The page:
\begin{center}
\includegraphics[width=7cm]{Figures/CF3DP8PR.png}
\includegraphics[width=7cm]{Figures/CF3DP8.png}
\includegraphics[width=7cm]{img/CF3DP8PR.png}
\includegraphics[width=7cm]{img/CF3DP8.png}
\caption{Pressure and velocity profiles for the laminar channel flow (full 3D).}
\label{f:incns:laminar3d}
\end{center}
......@@ -1269,7 +1269,7 @@ Figure~\ref{f:incns:turbchanmesh}.
\begin{figure}
\begin{center}
\includegraphics[width=10cm]{Figures/ChanMesh.png}
\includegraphics[width=10cm]{img/ChanMesh.png}
\caption{Mesh used for the turbulent channel flow.}
\label{f:incns:turbchanmesh}
\end{center}
......@@ -1363,7 +1363,7 @@ Figure~\ref{f:incns:turbchanflow}.
\begin{figure}
\begin{center}
\includegraphics[width=12cm]{Figures/ChanCont.png}
\includegraphics[width=12cm]{img/ChanCont.png}
\caption{Velocity profile of the turbulent channel flow (quasi-3D).}
\label{f:incns:turbchanflow}
\end{center}
......@@ -1384,7 +1384,7 @@ Figure~\ref{f:incns:turbpipemesh}.
\begin{figure}
\begin{center}
\includegraphics[width=10cm]{Figures/PipeDomain.png}
\includegraphics[width=10cm]{img/PipeDomain.png}
\caption{Domain for the turbulent pipe flow problem.}
\label{f:incns:turbpipemesh}
\end{center}
......@@ -1431,7 +1431,7 @@ Figure~\ref{f:incns:turbpipeflow}.
\begin{figure}
\begin{center}
\includegraphics[width=12cm]{Figures/PipeCont.png}
\includegraphics[width=12cm]{img/PipeCont.png}
\caption{Velocity profile of the turbulent pipe flow (quasi-3D).}
\label{f:incns:turbpipeflow}
\end{center}
......@@ -1458,7 +1458,7 @@ The geometry under consideration is a segment of a rabbit descending aorta with
\begin{figure}
\begin{center}
\includegraphics[width=10cm]{Figures/IntercostalGeometry.png}
\includegraphics[width=10cm]{img/IntercostalGeometry.png}
\caption{Reduced region of rabbit descending thoracic aorta.}
\end{center}
\end{figure}
......@@ -1467,7 +1467,7 @@ In order to capture the physics of the flow in the boundary layer, a thin layer
\begin{figure}
\begin{center}
\includegraphics[width=7cm]{Figures/spherigons.png}
\includegraphics[width=7cm]{img/spherigons.png}
\caption{Surface mesh indicating curved surface elements at a branch location.}
\end{center}
\end{figure}
......@@ -1561,7 +1561,7 @@ We can visualise the internal velocity field by applying a volume render filter
\begin{figure}
\begin{center}
\includegraphics[width=10cm]{Figures/velocityRendered.png}
\includegraphics[width=10cm]{img/velocityRendered.png}
\caption{The solved-for velocity field.}
\end{center}
\end{figure}
......@@ -1570,7 +1570,7 @@ It is possible to visualise the wall shear stress distribution by running the Fl
\begin{figure}
\begin{center}
\includegraphics[width=12cm]{Figures/WSS.png}
\includegraphics[width=12cm]{img/WSS.png}
\caption{Non-dimensional wall shear stress distribution.}
\end{center}
\end{figure}
......@@ -1633,8 +1633,8 @@ The simulation results are illustrated in spanwise vorticity contours in Figure
\begin{figure}
\begin{center}
\includegraphics[width=7cm]{Figures/strip-16-time-100.png}
\includegraphics[width=7cm]{Figures/strip-16-time-600.png}
\includegraphics[width=7cm]{img/strip-16-time-100.png}
\includegraphics[width=7cm]{img/strip-16-time-600.png}
\caption{Spanwise vorticity contours in standing wave and traveling wave patterns predicted in finite strip modeling.}
\label{f:incns:finite-strip-modeling}
\end{center}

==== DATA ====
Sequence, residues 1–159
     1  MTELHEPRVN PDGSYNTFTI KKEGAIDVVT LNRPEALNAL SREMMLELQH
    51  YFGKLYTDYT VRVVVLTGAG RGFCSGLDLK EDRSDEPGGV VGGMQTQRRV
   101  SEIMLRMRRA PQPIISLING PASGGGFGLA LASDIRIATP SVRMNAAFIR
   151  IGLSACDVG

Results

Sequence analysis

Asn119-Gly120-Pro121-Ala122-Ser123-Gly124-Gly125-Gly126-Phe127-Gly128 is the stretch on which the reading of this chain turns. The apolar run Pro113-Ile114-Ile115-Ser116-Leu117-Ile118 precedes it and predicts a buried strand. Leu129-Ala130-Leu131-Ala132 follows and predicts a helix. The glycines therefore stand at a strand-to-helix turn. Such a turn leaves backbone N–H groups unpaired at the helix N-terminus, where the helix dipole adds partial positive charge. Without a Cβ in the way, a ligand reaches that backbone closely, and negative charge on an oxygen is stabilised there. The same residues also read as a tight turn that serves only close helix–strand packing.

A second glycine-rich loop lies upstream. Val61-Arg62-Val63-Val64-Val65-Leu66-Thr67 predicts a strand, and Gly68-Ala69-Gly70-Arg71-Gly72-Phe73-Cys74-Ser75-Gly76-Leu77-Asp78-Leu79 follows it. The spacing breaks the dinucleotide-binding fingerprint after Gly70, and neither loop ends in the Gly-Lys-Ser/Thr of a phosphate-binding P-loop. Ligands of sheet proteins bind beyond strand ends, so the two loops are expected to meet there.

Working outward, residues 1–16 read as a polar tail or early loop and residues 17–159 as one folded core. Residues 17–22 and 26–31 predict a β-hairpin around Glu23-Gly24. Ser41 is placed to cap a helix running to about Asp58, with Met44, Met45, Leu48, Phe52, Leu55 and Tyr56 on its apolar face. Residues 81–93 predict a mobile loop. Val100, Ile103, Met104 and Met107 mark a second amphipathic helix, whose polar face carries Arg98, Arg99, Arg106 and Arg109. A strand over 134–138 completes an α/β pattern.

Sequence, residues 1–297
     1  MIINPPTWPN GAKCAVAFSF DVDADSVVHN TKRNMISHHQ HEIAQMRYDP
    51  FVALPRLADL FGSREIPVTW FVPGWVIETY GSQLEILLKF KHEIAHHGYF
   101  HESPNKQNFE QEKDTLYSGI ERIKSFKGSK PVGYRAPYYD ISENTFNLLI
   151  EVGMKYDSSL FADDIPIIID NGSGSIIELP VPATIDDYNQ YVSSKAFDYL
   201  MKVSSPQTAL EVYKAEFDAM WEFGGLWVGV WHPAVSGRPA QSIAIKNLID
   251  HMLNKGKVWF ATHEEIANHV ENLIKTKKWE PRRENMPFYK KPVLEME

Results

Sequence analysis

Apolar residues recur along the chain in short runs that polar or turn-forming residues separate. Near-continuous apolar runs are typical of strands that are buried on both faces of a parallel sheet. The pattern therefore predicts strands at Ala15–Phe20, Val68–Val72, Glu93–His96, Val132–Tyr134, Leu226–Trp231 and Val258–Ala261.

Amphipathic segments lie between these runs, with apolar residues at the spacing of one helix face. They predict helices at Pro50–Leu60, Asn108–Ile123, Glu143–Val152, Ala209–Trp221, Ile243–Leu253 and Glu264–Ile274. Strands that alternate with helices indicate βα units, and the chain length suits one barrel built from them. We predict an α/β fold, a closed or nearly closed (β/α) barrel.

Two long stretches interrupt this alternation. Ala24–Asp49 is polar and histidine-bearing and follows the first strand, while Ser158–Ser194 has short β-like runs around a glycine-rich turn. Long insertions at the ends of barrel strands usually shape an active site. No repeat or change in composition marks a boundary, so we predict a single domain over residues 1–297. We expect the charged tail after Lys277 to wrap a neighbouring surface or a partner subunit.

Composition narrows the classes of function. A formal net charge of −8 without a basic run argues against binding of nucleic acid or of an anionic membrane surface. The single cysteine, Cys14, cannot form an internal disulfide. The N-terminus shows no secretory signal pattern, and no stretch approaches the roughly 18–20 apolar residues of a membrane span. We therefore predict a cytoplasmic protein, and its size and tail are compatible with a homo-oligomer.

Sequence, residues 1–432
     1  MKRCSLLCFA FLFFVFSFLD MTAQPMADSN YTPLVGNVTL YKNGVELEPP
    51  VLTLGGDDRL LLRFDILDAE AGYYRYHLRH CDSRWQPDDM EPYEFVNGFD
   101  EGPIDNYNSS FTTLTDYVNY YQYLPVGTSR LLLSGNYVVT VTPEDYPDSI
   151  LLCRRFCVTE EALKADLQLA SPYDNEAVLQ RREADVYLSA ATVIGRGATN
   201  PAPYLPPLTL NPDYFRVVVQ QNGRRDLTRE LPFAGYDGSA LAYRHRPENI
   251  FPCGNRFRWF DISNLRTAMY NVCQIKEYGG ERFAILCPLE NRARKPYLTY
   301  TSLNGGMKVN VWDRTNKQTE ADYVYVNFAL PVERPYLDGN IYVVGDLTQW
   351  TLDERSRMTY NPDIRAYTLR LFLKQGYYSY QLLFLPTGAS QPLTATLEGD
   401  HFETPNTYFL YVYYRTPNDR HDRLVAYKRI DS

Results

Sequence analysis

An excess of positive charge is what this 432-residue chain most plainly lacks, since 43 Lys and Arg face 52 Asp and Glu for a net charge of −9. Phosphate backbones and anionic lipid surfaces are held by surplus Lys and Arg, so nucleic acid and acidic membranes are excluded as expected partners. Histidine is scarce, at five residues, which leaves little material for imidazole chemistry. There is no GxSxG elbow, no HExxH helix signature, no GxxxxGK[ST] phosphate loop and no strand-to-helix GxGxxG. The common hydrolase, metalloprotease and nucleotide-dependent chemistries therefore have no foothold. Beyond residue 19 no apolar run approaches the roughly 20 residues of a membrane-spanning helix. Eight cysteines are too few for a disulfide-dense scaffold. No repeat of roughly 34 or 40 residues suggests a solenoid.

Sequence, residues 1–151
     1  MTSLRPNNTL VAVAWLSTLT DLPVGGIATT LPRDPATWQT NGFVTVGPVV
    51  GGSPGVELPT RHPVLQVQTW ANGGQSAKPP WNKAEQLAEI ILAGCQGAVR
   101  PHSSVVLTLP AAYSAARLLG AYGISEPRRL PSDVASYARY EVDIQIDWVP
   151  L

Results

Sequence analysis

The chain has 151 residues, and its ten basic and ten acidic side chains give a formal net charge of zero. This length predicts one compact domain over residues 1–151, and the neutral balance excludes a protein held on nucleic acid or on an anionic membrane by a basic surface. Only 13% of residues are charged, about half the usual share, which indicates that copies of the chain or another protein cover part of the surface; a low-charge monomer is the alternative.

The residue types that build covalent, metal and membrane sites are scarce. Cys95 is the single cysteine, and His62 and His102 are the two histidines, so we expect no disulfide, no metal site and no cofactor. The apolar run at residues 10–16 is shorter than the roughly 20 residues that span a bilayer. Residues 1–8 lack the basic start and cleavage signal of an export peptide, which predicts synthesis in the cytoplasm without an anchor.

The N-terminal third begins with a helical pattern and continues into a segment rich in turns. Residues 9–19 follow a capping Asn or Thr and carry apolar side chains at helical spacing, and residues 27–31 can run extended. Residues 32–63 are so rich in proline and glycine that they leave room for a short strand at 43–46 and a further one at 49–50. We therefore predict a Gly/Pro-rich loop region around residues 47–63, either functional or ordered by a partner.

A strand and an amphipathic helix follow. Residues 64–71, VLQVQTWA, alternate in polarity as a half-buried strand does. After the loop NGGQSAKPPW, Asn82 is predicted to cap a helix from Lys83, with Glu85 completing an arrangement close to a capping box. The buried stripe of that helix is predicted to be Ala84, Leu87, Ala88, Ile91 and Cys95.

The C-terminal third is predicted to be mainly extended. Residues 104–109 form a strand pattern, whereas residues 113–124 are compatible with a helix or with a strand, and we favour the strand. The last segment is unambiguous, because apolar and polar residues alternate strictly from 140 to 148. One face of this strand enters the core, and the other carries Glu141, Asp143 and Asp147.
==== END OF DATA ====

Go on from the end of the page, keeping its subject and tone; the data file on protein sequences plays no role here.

......@@ -1812,13 +1812,13 @@ The stability simulation takes about 250 iterations to converge and the dominant
\begin{figure}[!htbp]
\centering
{\includegraphics[width=1 \textwidth]{Figures/chan_u.png}}
{\includegraphics[width=1 \textwidth]{img/chan_u.png}}
\caption {}
\end{figure}
\begin{figure}[!htbp]
\centering
{\includegraphics[width=1 \textwidth]{Figures/chan_v}}
{\includegraphics[width=1 \textwidth]{img/chan_v}}
\caption {}
\end{figure}
......@@ -1936,13 +1936,13 @@ The equations will then be evolved backwards in time (consistently with the nega
\begin{figure}[!htbp]
\centering
{\includegraphics[width=1 \textwidth]{Figures/chan_u_adj.png}}
{\includegraphics[width=1 \textwidth]{img/chan_u_adj.png}}
\caption {}
\end{figure}
\begin{figure}[!htbp]
\centering
{\includegraphics[width=1 \textwidth]{Figures/chan_v_adj}}
{\includegraphics[width=1 \textwidth]{img/chan_v_adj}}
\caption {}
\end{figure}
......@@ -1952,7 +1952,7 @@ In this section it will be described how to perform a transient growth stability
\begin{figure}[!htbp]
\centering
{\includegraphics[width=1 \textwidth]{Figures/bfs_geo}}
{\includegraphics[width=1 \textwidth]{img/bfs_geo}}
\caption {}\label{bfs_geo}
\end{figure}
......@@ -2116,13 +2116,13 @@ The solution will be evolved forward in time using the operator $\mathcal{A}$, t
\begin{figure}[!htbp]
\centering
{\includegraphics[width=1 \textwidth]{Figures/bfs_eig_u}}
{\includegraphics[width=1 \textwidth]{img/bfs_eig_u}}
\caption {}
\end{figure}
\begin{figure}[!htbp]
\centering
{\includegraphics[width=1 \textwidth]{Figures/bfs_eig_v}}
{\includegraphics[width=1 \textwidth]{img/bfs_eig_v}}
\caption {}
\end{figure}
......@@ -2131,7 +2131,7 @@ It is possible to visualise the transient growth plotting the energy evolution o
\begin{figure}[!htbp]
\centering
{\includegraphics[width=1 \textwidth]{Figures/energy_bfs}}
{\includegraphics[width=1 \textwidth]{img/energy_bfs}}
\caption {}
\end{figure}
......@@ -2141,7 +2141,7 @@ It is possible to visualise the transient growth plotting the energy evolution o
\begin{figure}[!htbp]
\centering
{\includegraphics[width=1 \textwidth]{Figures/cylinder_geo}}
{\includegraphics[width=1 \textwidth]{img/cylinder_geo}}
\caption {}
\end{figure}
......@@ -2200,7 +2200,7 @@ The stability simulation takes about 20 cycles to converge and the leading eigen
\begin{figure}[!htbp]
\centering
{\includegraphics[width=1 \textwidth]{Figures/floquet}}
{\includegraphics[width=1 \textwidth]{img/floquet}}
\caption {}
\end{figure}
......@@ -164,7 +164,7 @@ in order to test convergence $h$-refinement is required.
\begin{figure}
\begin{center}
\includegraphics[width=0.5\textwidth]{Figures/l-shape}
\includegraphics[width=0.5\textwidth]{img/l-shape}
\end{center}
\caption{Solution of the $u$ displacement field for the L-shaped domain.}
\label{fig:elas:ldomain}
......@@ -197,9 +197,9 @@ figure~\ref{fig:elas:bl}.
\begin{figure}
\begin{center}
\includegraphics[width=0.3\textwidth]{Figures/bl-0}
\includegraphics[width=0.3\textwidth]{Figures/bl-1}
\includegraphics[width=0.3\textwidth]{Figures/bl-2}
\includegraphics[width=0.3\textwidth]{img/bl-0}
\includegraphics[width=0.3\textwidth]{img/bl-1}
\includegraphics[width=0.3\textwidth]{img/bl-2}
\end{center}